The Maritime Union of Australia has again raised serious concerns over the Flag of Convenience (FOC) shipping system, after another near disaster when the Liberian-flagged MSC Basel ran aground off Brisbane yesterday morning.
MUA Queensland Secretary Mick Carr said this latest incident again showed the deregulated ship registration system, known as the Flag of Convenience, exposed Australia to a high level of vulnerability for Australian jobs, environment and maritime security.
Mr Carr said Liberian-flagged vessels had a diabolical record when it came to shipping incidents in Australian waters.
"This one involving the MSC Basel is just the latest example of a near disaster due to this ongoing and dangerous practice of using flags of convenience," he said.
"Just last month we saw a major incident when the multi-million dollar Australian fishing vessel MV Apollo S was sunk at Port Lincoln in South Australia thanks to being rammed by another Liberian flag of convenience vessel the Grand Rodosi.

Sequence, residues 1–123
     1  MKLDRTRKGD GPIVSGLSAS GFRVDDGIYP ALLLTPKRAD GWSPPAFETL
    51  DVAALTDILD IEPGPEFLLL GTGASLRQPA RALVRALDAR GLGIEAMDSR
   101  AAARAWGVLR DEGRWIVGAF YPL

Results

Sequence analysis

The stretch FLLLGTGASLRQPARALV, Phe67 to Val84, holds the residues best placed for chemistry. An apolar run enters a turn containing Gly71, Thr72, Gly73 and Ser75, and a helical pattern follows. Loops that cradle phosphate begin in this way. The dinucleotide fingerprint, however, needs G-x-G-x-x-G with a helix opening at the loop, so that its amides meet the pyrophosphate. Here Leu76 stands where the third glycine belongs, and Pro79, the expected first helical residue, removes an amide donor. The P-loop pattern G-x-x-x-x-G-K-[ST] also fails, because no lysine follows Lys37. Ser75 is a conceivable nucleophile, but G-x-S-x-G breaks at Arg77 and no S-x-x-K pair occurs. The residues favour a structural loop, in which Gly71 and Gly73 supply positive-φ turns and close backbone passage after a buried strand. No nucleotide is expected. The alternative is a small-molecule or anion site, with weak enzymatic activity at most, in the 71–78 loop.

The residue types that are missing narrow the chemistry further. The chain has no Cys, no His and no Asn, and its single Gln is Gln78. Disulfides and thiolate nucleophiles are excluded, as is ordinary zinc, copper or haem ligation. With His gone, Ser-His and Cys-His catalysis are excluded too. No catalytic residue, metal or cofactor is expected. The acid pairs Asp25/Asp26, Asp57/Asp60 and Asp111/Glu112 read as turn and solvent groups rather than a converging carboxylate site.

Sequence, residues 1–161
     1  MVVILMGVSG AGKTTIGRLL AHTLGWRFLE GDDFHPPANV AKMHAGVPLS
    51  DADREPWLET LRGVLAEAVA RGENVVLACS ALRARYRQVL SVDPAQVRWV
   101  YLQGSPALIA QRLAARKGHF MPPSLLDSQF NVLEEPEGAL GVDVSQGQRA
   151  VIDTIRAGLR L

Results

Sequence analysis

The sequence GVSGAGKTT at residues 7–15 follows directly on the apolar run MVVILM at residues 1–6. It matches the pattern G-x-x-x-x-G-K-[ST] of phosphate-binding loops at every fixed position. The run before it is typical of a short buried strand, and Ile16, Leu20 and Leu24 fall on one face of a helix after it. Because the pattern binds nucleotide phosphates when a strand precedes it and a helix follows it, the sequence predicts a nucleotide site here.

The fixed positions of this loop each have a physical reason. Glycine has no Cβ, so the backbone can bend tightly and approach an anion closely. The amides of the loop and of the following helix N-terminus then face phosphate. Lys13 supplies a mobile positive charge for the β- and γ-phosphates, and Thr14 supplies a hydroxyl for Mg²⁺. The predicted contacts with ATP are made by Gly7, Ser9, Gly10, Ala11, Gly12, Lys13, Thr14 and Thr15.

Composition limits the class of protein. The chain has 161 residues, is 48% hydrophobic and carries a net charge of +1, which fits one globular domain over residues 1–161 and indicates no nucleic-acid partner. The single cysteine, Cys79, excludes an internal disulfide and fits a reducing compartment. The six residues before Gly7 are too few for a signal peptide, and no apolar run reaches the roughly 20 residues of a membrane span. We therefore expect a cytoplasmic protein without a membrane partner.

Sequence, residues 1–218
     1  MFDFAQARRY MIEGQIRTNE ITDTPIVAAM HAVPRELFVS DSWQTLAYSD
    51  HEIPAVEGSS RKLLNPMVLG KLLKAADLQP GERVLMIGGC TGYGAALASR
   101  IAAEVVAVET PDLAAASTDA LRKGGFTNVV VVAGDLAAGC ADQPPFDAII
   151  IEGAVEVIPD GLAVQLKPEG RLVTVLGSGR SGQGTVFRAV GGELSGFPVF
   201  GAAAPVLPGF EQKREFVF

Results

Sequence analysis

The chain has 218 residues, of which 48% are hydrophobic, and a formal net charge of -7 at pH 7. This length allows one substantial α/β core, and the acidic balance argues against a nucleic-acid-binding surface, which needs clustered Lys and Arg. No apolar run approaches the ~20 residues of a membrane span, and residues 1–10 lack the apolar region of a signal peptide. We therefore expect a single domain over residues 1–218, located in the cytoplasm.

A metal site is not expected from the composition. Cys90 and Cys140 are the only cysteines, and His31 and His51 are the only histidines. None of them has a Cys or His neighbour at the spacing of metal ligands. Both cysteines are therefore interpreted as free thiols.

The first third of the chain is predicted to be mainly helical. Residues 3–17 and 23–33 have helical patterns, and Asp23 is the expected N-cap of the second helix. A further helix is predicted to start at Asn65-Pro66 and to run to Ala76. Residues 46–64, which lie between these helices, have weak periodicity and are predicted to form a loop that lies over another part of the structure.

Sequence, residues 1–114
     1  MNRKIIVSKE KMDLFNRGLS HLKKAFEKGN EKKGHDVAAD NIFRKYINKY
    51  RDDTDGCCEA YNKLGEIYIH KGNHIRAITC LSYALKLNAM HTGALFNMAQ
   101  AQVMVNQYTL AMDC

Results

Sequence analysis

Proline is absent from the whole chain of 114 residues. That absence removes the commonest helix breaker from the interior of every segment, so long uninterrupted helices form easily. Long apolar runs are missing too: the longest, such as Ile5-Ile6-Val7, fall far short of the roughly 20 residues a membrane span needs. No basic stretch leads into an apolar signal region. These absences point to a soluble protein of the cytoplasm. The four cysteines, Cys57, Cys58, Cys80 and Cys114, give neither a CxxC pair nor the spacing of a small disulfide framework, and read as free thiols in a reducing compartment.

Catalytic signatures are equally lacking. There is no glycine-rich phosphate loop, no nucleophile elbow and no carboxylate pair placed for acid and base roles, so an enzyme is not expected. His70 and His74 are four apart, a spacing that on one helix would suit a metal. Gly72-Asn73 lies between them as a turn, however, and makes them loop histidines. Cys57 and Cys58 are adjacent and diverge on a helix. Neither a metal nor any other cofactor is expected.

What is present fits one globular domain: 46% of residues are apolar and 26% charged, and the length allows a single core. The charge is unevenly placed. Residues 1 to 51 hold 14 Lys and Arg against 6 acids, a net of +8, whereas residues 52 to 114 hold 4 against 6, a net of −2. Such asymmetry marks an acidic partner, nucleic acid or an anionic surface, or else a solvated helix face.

"This latest incident in Moreton Bay shows yet again that the rogues need to be weeded out of the international shipping industry."
Mr Carr said other incidents this year included the Magdalene, also flying the Liberian flag, which caused an oil spill in August in Newcastle Harbour, and the Liberian-registered Ocean Emperor which broke down 60 nautical miles off Cairns and drifted towards the Great Barrier Reef in July.
Mr Carr said the latest shipping incident was a stark reminder of when the Pasha Bulka, a Panama flag of convenience vessel, grounded off Newcastle in 2007 and caused huge disruption in the area.
He said foreign ships have been responsible for all the recent shipping environmental accidents, including when the Hong Kong-flagged Pacific Adventurer spread a large amount of oil onto pristine south-east Queensland beaches last year.
Mr Carr called for the Gillard Government to speed up ratification of the Maritime Labour Convention and to ensure that AMSA is fully resourced to perform its new Port State Control functions.
He said enforcement of the Convention will help improve seafarer quality, will police crew fatigue and will ensure that FOC ships coming to Australia adopt the new international standards.
Mr Carr also said that implementation of shipping policy announced during the Federal election would also result in the removal of some poor quality FOC ships from the Australian coast.